Windows 101 — The Origin of Windows

Ancient WindowNo, we’re not discussing the history of Microsoft Windows — like “remember how much better Windows XP was than Vista?” or “the reason Bill Gates is the 2nd wealthiest person in the world.” We’re actually taking a look at the history of “the window” — it’s origin and history — the very element of your residential and/or commercial property that Squeegee Pro takes great pride in cleaning to perfection.

The origin of the word window dates back to the Old Norse term vindauga, from vindr meaning “wind,” and auga, meaning “eye” — or, “wind eye.” The term is still used In Norwegian Nynorsk and Icelandic. In Swedish, the word vindöga refers to a hole through the roof of a hut.

The actual term of window originally referred to an unglazed hole in the roof, and was first recorded in the early 13th century and replaced the term ‘eagþyrl’, which literally means ‘eye-hole.”


But, the term window did not catch on with everyone. Many Germanic languages adopted the Latin term “fenestra” to describe a window with glass. We have the Scaninnavians to thank for the use of window in the English language as a result of use during the Viking Age.

The ealriest windows were what you would probably imagine — just simple holes in the wall. Eventually, we got around to covering these holes with aimal hide, cloth, or wood — the “beta” versions of curtains and shutters (to tie us back to the computer operating system). Eventually, windows were built with protection from the elements as well as transmitting light. Mullion glass windows were created, which comprised of multiple small pieces of glass framed together with lead. Paper, flattened pieces of translucent animal horn, and thinly sliced marble were also used.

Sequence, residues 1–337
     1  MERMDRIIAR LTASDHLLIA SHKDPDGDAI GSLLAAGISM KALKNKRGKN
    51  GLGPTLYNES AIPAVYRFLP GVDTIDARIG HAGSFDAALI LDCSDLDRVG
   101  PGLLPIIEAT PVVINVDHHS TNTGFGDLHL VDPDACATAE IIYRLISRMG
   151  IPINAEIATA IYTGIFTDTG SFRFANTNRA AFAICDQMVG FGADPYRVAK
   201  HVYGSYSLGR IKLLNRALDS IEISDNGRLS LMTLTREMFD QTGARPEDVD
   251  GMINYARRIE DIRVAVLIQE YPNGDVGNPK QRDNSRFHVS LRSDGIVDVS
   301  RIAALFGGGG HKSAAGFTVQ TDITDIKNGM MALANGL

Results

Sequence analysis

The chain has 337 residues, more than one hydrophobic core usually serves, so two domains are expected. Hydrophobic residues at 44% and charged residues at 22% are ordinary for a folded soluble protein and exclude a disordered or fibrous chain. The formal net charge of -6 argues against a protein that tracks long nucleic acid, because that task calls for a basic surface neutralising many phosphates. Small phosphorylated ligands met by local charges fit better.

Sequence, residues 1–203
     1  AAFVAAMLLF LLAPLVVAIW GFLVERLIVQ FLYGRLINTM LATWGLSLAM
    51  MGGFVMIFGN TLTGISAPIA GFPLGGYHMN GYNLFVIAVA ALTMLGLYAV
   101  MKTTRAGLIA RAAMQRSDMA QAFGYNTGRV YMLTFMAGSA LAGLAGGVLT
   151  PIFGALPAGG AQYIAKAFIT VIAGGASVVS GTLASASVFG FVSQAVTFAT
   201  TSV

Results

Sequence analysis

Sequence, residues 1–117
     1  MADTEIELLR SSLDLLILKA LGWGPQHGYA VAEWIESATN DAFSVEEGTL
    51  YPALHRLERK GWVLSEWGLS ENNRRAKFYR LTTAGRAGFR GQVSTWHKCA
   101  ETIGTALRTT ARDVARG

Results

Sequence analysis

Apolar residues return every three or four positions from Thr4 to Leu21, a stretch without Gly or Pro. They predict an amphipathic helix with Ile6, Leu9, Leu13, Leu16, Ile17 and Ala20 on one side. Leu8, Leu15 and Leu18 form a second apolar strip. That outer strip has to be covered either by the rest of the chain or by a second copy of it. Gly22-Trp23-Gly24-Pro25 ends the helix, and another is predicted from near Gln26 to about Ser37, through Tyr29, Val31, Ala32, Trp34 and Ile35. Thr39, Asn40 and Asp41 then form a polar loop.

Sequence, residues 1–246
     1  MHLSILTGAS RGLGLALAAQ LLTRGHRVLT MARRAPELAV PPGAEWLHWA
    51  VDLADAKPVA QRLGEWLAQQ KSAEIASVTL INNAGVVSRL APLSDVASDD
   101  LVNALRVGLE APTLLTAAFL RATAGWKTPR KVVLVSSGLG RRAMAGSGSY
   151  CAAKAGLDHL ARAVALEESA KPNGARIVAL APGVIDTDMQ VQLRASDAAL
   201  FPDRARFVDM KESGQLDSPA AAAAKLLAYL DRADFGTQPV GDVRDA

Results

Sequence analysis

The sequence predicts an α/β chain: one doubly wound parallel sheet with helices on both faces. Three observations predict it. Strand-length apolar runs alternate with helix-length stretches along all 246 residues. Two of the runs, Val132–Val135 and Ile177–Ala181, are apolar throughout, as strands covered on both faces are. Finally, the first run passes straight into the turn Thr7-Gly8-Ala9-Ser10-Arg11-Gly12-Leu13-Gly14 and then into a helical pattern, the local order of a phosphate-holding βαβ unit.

It was around 100 AD in Alexandria that the Romans first used glass for windows. A quality cleaning from the likes of Squeegee Pro would have been of little benefit, as the glass windows had poor optical properties. Mullioned glass windows tended to the the choice among Europe’s well-to-do, while paper windows were the economic choice and widely used in ancient Asia. It wasn’t until the early 17th century when glass finally became common in the windows of ordinary homes in England.

Now, thanks to the perfection of modern industrial glass making processes, homes and business can have large floor-to-ceiling windows — all which need to be cleaned regularly to assure a bright and clear view out of your “eye-hole.”

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